After a while it lumbered off over the hill top and out of sight. I lumbered in the same direction. As I had both dogs with me and they were gooning (fooling) around like a couple of badly behaved pups I didn't think I'd see the fox again. However, I came onto the hill top and there it was, yards away, watching me, so I watched it. It then trotted onto some rocks and sat, tail outstretched behind it and again watched me. Now I do believe this fox has probably seen me and the dogs more than I have seen it, either that or it was a foolish fox as it showed little sign of trepidation only being moved on eventually by the crows which turned up to mob it and even then it just trotted off to the next hill top to turn, sit and watch me - I was beginning to get a complex!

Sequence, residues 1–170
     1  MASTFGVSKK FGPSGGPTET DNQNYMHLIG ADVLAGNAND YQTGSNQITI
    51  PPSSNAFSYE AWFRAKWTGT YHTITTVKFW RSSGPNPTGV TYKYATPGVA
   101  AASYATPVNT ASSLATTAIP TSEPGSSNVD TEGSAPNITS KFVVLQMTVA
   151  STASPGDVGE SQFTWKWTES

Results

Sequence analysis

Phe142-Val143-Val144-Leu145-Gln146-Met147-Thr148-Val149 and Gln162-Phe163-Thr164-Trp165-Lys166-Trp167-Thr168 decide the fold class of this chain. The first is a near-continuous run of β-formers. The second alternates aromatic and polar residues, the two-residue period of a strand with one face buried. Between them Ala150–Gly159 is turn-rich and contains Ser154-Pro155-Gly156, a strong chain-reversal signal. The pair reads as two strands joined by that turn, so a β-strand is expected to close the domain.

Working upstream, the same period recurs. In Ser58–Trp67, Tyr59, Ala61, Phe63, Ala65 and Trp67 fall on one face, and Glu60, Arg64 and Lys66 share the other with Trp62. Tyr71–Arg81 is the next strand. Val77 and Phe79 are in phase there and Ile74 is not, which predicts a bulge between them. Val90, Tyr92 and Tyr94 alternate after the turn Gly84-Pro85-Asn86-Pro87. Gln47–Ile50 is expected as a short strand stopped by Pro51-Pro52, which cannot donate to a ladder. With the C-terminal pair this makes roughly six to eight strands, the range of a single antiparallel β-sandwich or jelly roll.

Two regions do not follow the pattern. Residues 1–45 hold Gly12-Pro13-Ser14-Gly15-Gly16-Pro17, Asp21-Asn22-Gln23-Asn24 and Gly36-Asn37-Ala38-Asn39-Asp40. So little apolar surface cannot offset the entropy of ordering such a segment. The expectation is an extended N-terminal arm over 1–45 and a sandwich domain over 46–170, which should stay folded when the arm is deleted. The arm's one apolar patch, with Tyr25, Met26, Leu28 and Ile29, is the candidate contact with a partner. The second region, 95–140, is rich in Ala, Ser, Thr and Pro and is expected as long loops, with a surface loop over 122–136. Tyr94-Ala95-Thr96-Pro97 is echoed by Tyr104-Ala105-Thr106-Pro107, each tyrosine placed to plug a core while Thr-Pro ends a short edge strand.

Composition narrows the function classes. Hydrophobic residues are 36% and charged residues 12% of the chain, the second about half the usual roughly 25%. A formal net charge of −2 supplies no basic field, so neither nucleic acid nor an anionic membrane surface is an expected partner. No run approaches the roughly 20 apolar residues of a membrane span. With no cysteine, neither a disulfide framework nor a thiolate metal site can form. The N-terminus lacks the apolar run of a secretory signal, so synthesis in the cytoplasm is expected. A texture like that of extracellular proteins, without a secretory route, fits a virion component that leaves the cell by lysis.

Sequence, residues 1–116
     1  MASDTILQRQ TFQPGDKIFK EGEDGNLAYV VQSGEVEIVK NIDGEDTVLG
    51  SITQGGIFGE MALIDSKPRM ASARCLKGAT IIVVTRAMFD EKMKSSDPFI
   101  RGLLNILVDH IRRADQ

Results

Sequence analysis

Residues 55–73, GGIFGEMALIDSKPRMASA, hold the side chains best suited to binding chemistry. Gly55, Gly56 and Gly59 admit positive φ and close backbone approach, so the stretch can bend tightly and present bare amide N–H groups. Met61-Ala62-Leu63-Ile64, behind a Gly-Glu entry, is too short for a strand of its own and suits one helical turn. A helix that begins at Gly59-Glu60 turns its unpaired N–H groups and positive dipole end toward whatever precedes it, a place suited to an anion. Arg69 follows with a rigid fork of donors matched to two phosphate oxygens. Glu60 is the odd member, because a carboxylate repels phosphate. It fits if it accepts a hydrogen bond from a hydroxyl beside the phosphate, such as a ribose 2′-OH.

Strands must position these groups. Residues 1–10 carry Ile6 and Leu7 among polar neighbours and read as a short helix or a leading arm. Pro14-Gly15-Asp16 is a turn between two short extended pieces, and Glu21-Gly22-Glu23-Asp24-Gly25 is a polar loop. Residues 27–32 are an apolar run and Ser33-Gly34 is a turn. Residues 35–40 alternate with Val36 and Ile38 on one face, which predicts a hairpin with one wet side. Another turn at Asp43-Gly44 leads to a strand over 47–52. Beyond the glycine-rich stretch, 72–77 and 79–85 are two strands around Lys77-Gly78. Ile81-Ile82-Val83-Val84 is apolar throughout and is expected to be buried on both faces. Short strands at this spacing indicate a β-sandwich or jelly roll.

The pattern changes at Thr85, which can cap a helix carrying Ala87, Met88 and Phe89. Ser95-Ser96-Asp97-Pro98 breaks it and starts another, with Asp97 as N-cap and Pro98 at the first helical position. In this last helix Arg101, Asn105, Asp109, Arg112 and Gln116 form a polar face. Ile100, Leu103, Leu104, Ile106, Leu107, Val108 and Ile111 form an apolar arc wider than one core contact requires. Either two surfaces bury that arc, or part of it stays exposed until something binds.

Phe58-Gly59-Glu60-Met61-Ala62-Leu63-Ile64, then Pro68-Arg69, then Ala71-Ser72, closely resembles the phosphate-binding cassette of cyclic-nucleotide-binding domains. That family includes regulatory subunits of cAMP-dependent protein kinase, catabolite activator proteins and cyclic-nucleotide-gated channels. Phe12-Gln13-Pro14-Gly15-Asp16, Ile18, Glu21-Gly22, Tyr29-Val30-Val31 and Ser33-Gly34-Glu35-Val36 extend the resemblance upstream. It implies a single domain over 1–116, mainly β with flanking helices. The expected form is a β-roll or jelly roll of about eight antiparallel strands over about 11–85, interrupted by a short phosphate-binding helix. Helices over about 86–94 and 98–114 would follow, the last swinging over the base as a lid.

Today I found myself herding (shepherding) a lump of hill ground which I have never shepherded before. There is a forecast for snow and therefore I deemed it sensible to go to the hill and acquaint myself with the ground as the farmer is laid up due to an operation. I had to laugh as I set off with directions on board, the farmers parting words were "there's a spade on the front of the bike if you get stuck (bogged)" I couldn't help but think my reputation went before me.........